The person in charge eventually left (she now heads the entire department of physical
    exercise and disabilities at a large local university) and I left too. Joined 24 Hour Fitness and told them of my only restriction and hired a personal trainer for 6 months. Never have I felt better. Walked everywhere, even when I should have been working. I was self employed and I could do that. I absolutely loved the strength training and put up with the cardiovascular.

    I’m older now but still have muscles to work with (no sarcopenia) and this article, and the ones to come, are a great reminder to get back in shape. I got an exercise bike two months ago, ordered a book on exercise bands which got lost in the mail so will reorder and will get some exercise bands plus some smaller dumbbells to begin again with.

    I so look forward to the remaining articles and the incentive it is giving me to work on the one thing I have control over. And yes, finally, I’m going to get the book I never got around to, since I’m stiff just starting out, “Stretching: 30th Anniversary Edition, by Bob Anderson. The one you want to go to when your just getting back in shape.

    Really looking forward to remaining articles. We’re toast during SHTF if we are not in shape. Our stuff won’t save us.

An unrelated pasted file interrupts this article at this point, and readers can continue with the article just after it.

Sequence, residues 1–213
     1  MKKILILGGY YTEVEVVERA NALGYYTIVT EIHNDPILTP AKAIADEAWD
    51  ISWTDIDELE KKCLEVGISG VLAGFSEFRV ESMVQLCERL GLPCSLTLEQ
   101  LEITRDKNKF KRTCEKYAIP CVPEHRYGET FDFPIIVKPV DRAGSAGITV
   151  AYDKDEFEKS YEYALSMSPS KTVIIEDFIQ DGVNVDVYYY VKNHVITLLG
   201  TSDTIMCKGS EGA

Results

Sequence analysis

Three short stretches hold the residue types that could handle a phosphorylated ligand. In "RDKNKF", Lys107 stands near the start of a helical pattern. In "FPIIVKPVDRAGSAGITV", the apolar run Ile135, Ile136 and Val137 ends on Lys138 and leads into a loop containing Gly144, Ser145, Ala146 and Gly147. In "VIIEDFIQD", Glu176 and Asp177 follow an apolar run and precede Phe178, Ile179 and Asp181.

7. Yes, old age does catch up eventually, but with discipline you can manage the process very well. I’m 56 and have been active all my life and I still workout several times each week. Most people that I meet think I’m mid to late 40’s. In addition, because I have taken good care of myself over the years I’ve been able to enjoy many other things to include my 42 yo girl friend!

  8. Rosco
    I’m 81 and overweight some
    recently returned to bike riding with a one speed
    lots of short walks as I can not remember why I went there.
    I swing a 10 or 12 Lb Sledge in winter Rock-hounding
    I will look for Convict conditioning, but Will try to find Used.

  9. Great article, spot on and words to live by. There are no shortcuts. Begin gradually and build up fitness as you learn what works. Read, get off the couch, seek advice, ask questions and don’t stop moving. Being truly fit means regularly putting forth an effort to challenge yourself physically and mentally.

  10. Good writing. I’m 63 and began having pain in my knees and back a couple of years ago (I am physically active at work). On a job site, I met two single women in their 50s that were in terrific shape that inspired me to get busy at a gym. A friend is a weight lifting coach and got me doing squats and dead lifts……within three workouts, the knee and back pain was gone. Free weights are medicine! Now I maintain what I have. I’m never going to be 22 again, and will not hesitate to use technology and cunning to solve problems with younger/faster threats.

    Physical fitness is a great asset to have, but it’s all important. A guy that can run a four minute mile and dead lift 400 lbs can be taken out with a toothache or lack of water (or any number of things). You’re always better off being fit, but it’s only a fraction of the solution.

    Looking forward to the rest!